Wow, I'd better get this post done quickly, because Texas Democratic gubernatorial candidate Wendy Davis has been tweeting up a storm and has posted "an open letter" at her web site. If I blink, I might miss a half-dozen more tweets.

Davis apparently thinks that if she accuses Republican candidate Greg Abbott and his campaign of being behind the Sunday Dallas Morning News story which poked gaping holes in her picture-perfect bio often enough, it will somehow become true. It won't. Wayne Slater, the DMN reporter who authored the story, has tweeted that "I talked to no - zero - Abbott people." But sadly, in the current establishment media environment, the in-your-face "poor little girl fights back against bullies" tactic might work. A pic of the eight tweets from three hours ago and excerpts from her "open letter" follow the jump.



To be fair, it started with the original story broken at the Dallas Morning News, where Wayne Slater's substantive story about Wendy Davis's problems with the truth was headlined "As Wendy Davis touts life story in race for governor, key facts blurred."

"Blurred" is clearly a popular word with an establishment press which is determined to try to make this problem with Davis's basic credibility go away. The New York Times ("Accused of Blurring Facts of Stirring Life Story, Texas Lawmaker Offers Chronology") and NBCnews.com ("Off to the races: Wendy Davis' 'blurred' bio") have also gotten in on the "blurred" headline act (Perhaps surprisingly, the Associated Press and Politico, whose coverage I addressed yesterday, have not). So has CBS News, whose Rebecca Kaplan bent over backwards to try to keep Davis in a favorable light (links are in original; bolds and numbered tags are mine):



MSNBC darling Wendy Davis is in some hot water over inaccuracies surrounding her personal biography. According to the Dallas Morning News's Wayne Slater -- no conservative he, by the way --  despite Ms. Davis’s own claims, she was 21, not 19 when she was divorced and living in a trailer as a single mother.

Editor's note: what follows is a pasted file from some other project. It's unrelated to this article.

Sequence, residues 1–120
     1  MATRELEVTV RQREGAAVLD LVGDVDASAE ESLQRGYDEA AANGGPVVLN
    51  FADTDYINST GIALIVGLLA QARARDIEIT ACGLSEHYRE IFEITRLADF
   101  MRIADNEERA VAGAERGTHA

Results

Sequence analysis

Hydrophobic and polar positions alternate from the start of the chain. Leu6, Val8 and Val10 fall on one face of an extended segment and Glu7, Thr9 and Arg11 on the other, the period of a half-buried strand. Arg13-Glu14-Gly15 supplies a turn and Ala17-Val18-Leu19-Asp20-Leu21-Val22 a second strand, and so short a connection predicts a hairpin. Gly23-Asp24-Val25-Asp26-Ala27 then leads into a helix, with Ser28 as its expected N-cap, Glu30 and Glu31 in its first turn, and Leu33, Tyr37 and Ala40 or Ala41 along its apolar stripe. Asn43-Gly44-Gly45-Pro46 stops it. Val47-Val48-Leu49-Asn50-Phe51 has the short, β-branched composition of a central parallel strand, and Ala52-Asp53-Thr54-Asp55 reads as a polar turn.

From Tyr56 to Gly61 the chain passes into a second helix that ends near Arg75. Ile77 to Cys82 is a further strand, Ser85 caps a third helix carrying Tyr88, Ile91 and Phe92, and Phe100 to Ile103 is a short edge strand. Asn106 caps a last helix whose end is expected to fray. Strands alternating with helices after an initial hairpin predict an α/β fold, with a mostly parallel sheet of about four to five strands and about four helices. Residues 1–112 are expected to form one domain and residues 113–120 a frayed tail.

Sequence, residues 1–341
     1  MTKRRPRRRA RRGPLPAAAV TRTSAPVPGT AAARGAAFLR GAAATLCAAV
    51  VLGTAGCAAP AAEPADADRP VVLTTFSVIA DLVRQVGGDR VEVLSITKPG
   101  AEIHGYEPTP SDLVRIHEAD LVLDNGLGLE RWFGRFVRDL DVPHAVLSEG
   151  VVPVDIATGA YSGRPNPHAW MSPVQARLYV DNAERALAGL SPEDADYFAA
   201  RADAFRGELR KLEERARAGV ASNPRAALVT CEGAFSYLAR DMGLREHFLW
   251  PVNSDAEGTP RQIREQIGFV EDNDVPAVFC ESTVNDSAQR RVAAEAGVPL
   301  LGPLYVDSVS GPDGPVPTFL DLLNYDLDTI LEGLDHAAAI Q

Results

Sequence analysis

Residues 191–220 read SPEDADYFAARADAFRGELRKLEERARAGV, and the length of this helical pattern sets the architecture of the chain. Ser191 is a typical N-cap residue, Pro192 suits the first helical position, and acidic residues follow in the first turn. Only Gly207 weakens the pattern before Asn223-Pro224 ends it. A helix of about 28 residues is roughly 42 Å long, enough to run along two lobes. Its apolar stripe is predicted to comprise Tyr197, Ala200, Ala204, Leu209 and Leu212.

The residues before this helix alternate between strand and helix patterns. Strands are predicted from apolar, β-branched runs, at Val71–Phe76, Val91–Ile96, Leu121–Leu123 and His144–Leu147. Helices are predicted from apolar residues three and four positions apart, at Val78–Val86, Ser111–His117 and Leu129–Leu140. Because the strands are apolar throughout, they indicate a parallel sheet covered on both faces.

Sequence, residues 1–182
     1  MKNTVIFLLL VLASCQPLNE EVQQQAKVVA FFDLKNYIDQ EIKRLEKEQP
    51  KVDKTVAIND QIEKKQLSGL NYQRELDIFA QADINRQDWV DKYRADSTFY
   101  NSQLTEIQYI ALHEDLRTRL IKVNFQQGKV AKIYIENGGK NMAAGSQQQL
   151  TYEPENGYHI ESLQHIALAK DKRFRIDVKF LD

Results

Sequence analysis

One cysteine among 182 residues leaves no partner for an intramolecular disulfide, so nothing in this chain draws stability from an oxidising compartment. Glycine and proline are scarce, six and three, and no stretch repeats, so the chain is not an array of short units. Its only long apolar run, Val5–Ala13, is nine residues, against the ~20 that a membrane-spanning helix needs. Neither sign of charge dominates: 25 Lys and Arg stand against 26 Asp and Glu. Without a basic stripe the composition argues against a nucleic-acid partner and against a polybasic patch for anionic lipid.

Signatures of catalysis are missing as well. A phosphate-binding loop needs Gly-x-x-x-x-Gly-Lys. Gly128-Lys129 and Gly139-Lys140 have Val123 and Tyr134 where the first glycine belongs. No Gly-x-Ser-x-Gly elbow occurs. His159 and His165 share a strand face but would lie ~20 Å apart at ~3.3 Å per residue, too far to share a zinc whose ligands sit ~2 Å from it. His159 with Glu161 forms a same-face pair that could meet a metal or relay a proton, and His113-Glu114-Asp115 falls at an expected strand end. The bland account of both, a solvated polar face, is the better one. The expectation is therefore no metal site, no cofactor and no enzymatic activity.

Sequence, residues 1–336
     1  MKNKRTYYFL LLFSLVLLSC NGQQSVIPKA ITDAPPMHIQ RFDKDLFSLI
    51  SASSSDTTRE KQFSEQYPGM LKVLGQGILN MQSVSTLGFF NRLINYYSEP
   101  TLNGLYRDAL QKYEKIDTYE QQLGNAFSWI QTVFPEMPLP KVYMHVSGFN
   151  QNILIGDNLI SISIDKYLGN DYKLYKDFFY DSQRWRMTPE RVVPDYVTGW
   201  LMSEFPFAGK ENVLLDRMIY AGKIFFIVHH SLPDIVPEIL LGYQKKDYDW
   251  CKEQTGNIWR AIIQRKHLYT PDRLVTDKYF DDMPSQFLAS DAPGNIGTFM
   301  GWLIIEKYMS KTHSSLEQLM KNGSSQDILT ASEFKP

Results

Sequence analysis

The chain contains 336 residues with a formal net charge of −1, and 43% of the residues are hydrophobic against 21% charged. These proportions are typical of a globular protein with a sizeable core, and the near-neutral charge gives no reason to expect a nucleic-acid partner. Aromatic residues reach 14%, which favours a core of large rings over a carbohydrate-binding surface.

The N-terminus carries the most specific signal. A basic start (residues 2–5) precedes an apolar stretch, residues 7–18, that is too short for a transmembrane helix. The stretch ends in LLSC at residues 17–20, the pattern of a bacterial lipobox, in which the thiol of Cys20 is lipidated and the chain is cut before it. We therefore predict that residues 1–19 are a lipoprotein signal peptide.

Despite the glaring factual inconsistencies in Ms. Davis’s own biography, on January 21, Chris Jansing was quick to rush to her defense. During her daily Jansing & Co. show, Jansing proclaimed Davis a “Democratic rising star” without mentioning that her very own network is in no small way responsible for raising the previously unknown Texas state senator’s rise to national prominence.



In a fawning puff piece on Texas gubernatorial candidate Wemdy Davis on NBC's January 15 Today, correspondent Maria Shriver celebrated the liberal abortion heroine as an "overnight sensation" whose "personal story" has "resonated across this country." The only problem with the gushing profile that followed was that key facts and details of Davis's life were either left out or just untrue.

In an article for The Dallas Morning News, senior political writer Wayne Slater, hardly a conservative, pointed out several glaring inaccuracies in the account put forward by Davis in Shiver's report.



Texas Democratic gubernatorial candidate Wendy Davis, who is considered a hero of the pro-abortion crowd yet declared herself "pro-life" in November as her people attempted to bully the local media into twisting stories her way, is blaming her opponent for a Sunday Dallas Morning News story which pointed to significant discrepancies between her campaign biography and the truth.

It's pretty bad when I have to say that the Politico's Katie Glueck did a far better job with this story than Will Weissert at the Associated Press, but that's the case. Glueck at least challenged Davis's contention of an Abbott connection – getting a mushy, meaningless answer – and carried the unconditional denial of any contact from the Abbott campaign by DMN reporter Wayne Slater. Weissert delivered neither. Both missed something important Steve Ertelt at Life News noticed in a series of pathetic Davis tweets.



When a politician -- male or female, liberal or conservative -- writes a memoir*, anything therein is fair game for the news media and his or her opponents, particularly when claims made therein are false or misleading. But to the gang at MSNBC, Republican criticism of the network's anointed golden girl Wendy Davis is beyond the pale.

"Right attacks Wendy Davis," screams the top msnbc.com headline this afternoon. Clicking that teaser headline takes the reader to Zachary Roth's "Right pounces on news that Wendy Davis embellished life story." Roth went on to practically script a melodrama where Davis is the damsel in distress tied to the railroad tracks by those dastardly, vile Texas Republicans (emphasis mine):